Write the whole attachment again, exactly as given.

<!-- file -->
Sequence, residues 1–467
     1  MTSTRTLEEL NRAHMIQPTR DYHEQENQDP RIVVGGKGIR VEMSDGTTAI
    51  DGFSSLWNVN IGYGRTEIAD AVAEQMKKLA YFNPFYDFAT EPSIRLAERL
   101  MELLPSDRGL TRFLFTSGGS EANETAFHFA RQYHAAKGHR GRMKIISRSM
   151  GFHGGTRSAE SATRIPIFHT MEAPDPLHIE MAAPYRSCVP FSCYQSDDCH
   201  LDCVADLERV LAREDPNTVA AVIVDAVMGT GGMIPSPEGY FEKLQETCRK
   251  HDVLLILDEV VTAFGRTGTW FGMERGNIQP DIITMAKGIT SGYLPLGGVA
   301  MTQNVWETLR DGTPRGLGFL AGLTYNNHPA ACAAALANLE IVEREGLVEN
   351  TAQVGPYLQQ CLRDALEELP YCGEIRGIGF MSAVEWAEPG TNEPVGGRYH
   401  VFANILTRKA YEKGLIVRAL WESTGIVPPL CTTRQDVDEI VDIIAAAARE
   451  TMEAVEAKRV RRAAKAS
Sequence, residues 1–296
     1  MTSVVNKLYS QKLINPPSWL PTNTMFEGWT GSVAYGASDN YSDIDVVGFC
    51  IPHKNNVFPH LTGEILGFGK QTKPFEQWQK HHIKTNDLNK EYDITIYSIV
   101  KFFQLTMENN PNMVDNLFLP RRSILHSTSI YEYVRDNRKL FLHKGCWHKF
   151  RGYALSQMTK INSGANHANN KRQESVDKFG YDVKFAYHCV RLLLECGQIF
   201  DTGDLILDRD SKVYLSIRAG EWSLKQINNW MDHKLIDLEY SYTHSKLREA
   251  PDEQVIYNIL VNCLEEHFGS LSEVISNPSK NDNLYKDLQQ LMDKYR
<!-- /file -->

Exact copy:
Sequence, residues 1–467
     1  MTSTRTLEEL NRAHMIQPTR DYHEQENQDP RIVVGGKGIR VEMSDGTTAI
    51  DGFSSLWNVN IGYGRTEIAD AVAEQMKKLA YFNPFYDFAT EPSIRLAERL
   101  MELLPSDRGL TRFLFTSGGS EANETAFHFA RQYHAAKGHR GRMKIISRSM
   151  GFHGGTRSAE SATRIPIFHT MEAPDPLHIE MAAPYRSCVP FSCYQSDDCH
   201  LDCVADLERV LAREDPNTVA AVIVDAVMGT GGMIPSPEGY FEKLQETCRK
   251  HDVLLILDEV VTAFGRTGTW FGMERGNIQP DIITMAKGIT SGYLPLGGVA
   301  MTQNVWETLR DGTPRGLGFL AGLTYNNHPA ACAAALANLE IVEREGLVEN
   351  TAQVGPYLQQ CLRDALEELP YCGEIRGIGF MSAVEWAEPG TNEPVGGRYH
   401  VFANILTRKA YEKGLIVRAL WESTGIVPPL CTTRQDVDEI VDIIAAAARE
   451  TMEAVEAKRV RRAAKAS
Sequence, residues 1–296
     1  MTSVVNKLYS QKLINPPSWL PTNTMFEGWT GSVAYGASDN YSDIDVVGFC
    51  IPHKNNVFPH LTGEILGFGK QTKPFEQWQK HHIKTNDLNK EYDITIYSIV
   101  KFFQLTMENN PNMVDNLFLP RRSILHSTSI YEYVRDNRKL FLHKGCWHKF
   151  RGYALSQMTK INSGANHANN KRQESVDKFG YDVKFAYHCV RLLLECGQIF
   201  DTGDLILDRD SKVYLSIRAG EWSLKQINNW MDHKLIDLEY SYTHSKLREA
   251  PDEQVIYNIL VNCLEEHFGS LSEVISNPSK NDNLYKDLQQ LMDKYR